Originally Posted by Ragitsu
Originally Posted by Etruscan
Yes it is. To digress from the topic, I’m not surprised they went this way with the casting but it does seem to deviate from the source material. I guess you could say the same thing about Larian’s interpretation.

Tolkien's elves are, ah, different, but...can you imagine the head honchos of most film/television studios going out of their way to...

Sadly, I think accurately representing "true" elves will remain the purview of fully-animated works.

Tolkien source material stated humans sometimes were mistaken for elves and vice versa. And actually he never described pointy ears on elves and flat out rejected it. People misquote a letter about hobbit ears to say he did. He didn't. And no not all elves are fair skinned either. That is another made up myth by certain people. SOME were. There is no doubt on that. But not all.

Tolkien even implied in writing that his fictional history implies that over time the darker skin colors became inherited traits within tribes or ethnic groups because that is what naturally happens.

People use this as proof of fair skin,
…They were a race high and beautiful the older Children of the world, and among them the
Eldar were as kings, who now are gone: the People of the Great Journey, the People of the Stars. They were tall, fair of skin and grey-eyed, though their locks were dark, save in the golden house of Finrod; and their voices had more melodies than any mortal voice that now is heard…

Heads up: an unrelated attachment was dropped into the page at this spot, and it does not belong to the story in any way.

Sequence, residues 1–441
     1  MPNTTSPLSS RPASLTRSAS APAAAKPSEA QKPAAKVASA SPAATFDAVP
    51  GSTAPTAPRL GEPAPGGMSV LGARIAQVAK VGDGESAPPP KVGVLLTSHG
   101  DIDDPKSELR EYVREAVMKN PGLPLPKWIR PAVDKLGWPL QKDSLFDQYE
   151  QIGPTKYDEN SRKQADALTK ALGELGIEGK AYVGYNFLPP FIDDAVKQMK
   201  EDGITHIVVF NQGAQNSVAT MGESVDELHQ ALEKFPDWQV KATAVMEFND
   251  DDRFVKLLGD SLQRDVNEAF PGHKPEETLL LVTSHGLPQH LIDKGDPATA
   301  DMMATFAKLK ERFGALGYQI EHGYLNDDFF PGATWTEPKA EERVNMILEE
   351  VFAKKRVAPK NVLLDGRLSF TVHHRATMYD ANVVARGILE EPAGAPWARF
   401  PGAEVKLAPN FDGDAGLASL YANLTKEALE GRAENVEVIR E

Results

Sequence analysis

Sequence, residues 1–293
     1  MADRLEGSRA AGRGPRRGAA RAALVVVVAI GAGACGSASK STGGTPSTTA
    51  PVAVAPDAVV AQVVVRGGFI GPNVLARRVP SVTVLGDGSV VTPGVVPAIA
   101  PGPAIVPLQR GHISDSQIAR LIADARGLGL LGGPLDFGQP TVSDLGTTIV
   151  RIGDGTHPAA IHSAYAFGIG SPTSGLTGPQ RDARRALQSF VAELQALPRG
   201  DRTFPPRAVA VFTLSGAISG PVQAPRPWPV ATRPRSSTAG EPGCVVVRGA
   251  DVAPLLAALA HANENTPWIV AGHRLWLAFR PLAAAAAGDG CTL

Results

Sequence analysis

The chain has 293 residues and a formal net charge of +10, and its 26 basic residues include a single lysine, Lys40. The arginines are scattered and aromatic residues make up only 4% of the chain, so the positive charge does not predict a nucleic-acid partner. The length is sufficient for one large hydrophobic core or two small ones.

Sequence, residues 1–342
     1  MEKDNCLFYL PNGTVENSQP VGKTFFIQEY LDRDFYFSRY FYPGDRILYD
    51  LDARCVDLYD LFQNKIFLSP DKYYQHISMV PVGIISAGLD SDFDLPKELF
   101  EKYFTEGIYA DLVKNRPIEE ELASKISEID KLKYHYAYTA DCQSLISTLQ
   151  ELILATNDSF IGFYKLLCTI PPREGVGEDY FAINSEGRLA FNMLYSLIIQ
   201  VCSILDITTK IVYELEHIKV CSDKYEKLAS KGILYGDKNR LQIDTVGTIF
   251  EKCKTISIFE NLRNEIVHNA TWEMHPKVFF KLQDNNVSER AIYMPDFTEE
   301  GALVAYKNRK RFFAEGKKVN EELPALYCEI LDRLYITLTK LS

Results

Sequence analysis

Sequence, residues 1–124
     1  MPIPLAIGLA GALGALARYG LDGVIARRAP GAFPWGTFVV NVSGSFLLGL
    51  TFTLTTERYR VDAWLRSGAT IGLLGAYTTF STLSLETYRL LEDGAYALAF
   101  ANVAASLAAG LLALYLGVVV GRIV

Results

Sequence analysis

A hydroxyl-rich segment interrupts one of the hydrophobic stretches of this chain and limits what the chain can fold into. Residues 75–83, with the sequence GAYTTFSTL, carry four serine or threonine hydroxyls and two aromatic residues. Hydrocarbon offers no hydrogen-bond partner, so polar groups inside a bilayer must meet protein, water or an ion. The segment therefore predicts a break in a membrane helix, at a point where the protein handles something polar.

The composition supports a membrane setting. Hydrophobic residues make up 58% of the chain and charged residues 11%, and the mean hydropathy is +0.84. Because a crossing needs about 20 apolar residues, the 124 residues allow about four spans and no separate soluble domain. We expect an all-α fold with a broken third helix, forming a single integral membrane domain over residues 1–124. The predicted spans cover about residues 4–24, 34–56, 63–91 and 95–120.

Yet Christopher Tolkien flat out states that text is wrong.
In the last paragraph of Appendix F as published the reference to ‘Gnomes’ was removed, and replaced by a passage explaining the use of the word Elves to translate Quendi and Eldar despite the diminishing of the English ‘word. This passage — referring to the Quendi as a whole.

Thus these words describing characters of face and hair were actually written of the Noldor only, and not of all the Eldar: indeed the Vanyar had golden hair, and it was from Finarfin’s Vanyarin mother Indis that he, and Finrod Felagund and Galadriel his children, had their golden hair that marked them out among the princes of the Noldor. But I am unable to determine how this extraordinary perversion of meaning arose.
So the text in question was referring to the Noldo only, which at the time Tolkien referred to as Gnomes. Editors of the publishers changed it incorrectly to the more broad term making it a description for all elves when it was not.